Around the globe, the world’s top scientists strive ceaselessly to achieve the Holy Grail of modern physics – a TV series that will get more than 0.01 per cent of the population actually understanding what Einstein was on about with all that curved space-time and E=MC2 business. In the old days this involved simply talking at the camera in the hope that the thickies on the other side (us) would somehow pick it up. These days more instant gratification – sorry, visual stimulation – is required, and who better to provide that than the Masters of Reality, Channel 4.
The Theory Of Everything is, in fact, a pretty good popular science programme, even if it does get a bit gimmicky at times. The title refers to scientists’ attempts to produce a single theory that will reconcile the sometimes contradictory Great Ideas of physics, thus (hopefully) telling us how the universe actually works. The show tackles its subject in the traditional way, with the story of how Newton discovered gravity only to be proved partially wrong by Einstein, who discovered relativity only to be proved partially wrong by the creators of Quantum Mechanics. And it uses the now-traditional tools; lots of gorgeous graphics and a clever-but-down-to-earth presenter, in this case the youngish, nerdy-but-nice American physicist Brian Greene.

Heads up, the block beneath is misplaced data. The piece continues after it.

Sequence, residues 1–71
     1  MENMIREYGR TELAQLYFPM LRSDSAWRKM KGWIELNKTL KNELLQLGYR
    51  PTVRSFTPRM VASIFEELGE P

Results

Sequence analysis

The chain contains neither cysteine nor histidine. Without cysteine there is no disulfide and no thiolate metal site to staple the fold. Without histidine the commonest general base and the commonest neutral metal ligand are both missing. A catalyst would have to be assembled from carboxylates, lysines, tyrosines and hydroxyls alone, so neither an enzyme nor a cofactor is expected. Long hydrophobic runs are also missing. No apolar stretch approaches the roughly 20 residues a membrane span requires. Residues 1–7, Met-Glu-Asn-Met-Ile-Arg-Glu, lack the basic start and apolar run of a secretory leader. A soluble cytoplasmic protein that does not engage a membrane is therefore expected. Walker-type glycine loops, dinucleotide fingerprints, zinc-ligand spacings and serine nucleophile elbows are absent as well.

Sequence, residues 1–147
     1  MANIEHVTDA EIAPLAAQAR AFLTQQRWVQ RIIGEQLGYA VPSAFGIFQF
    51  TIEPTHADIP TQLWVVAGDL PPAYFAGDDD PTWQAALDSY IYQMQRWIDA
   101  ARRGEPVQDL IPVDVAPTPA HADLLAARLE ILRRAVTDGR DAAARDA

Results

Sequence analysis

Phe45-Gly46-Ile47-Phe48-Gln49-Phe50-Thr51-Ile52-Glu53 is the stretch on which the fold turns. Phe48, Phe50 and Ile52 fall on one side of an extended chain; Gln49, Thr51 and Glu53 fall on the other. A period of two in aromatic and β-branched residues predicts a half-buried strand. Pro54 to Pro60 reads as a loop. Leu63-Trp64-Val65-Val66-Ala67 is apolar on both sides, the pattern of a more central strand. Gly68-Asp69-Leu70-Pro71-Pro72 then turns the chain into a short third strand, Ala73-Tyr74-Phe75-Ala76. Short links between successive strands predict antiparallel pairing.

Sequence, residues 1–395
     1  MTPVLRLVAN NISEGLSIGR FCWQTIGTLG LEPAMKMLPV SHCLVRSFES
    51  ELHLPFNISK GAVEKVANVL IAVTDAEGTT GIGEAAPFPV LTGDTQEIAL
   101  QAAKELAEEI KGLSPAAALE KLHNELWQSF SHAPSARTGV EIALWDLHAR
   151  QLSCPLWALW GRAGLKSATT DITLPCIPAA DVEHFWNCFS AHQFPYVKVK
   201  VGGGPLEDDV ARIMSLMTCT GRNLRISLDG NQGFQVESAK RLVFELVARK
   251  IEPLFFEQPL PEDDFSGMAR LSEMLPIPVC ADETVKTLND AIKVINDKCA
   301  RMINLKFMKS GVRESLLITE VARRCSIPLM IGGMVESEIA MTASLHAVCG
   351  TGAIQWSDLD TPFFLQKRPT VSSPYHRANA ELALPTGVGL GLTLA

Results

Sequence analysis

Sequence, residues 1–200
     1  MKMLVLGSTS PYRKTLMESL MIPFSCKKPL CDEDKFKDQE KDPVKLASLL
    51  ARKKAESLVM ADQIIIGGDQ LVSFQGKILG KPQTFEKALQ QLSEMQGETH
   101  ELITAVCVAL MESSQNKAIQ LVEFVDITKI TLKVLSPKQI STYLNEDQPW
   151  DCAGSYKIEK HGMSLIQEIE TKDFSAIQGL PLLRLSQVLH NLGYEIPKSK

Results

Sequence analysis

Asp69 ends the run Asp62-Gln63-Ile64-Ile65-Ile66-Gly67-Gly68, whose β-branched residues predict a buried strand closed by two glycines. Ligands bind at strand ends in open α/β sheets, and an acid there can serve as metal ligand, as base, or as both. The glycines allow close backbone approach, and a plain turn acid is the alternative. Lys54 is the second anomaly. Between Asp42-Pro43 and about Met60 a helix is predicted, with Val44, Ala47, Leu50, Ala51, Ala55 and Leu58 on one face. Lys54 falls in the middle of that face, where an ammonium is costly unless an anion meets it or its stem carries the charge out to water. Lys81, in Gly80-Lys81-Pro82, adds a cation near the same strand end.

The approach is obviously to go for clarity rather than depth, and generally it pays off, even if this week’s opener did leave a few unanswered questions. We got a good explanation of the various forces that act on nuclear particles, although a pencil dropped on to a table would have illustrated gravity versus electromagnetism better than the flashy SFX of Greene jumping from a high building. We didn’t, however, get an explanation of what the E, M and C in Einstein’s famous equation actually mean, even though all three (energy, mass and the speed of light) had been discussed.
If this had been Physics Academy, with viewers voting on which great theory had to pack its bags and leave the house, then Quantum would definitely have been on the train home. Newton’s gravity-tugged apples and planets made sense, while Einstein’s curvy rubber-sheet universe was believable in a rubbery sort of way. But Quantum’s pitch, that everything’s uncertain but it’ll all happen in parallel universes anyway, was definitely the Darius’s Hit Me Baby of the show, with not even its proponents looking as if they actually understood or believed it.
After that, the great hope of unification, string theory, seemed positively sensible. Apparently everything in the universe consists of tiny strings of energy, vibrating at different pitches. B flat means it’s a proton, while middle C makes it a particle of light, or something like that. Hopefully it’ll all become clear in the weeks to come.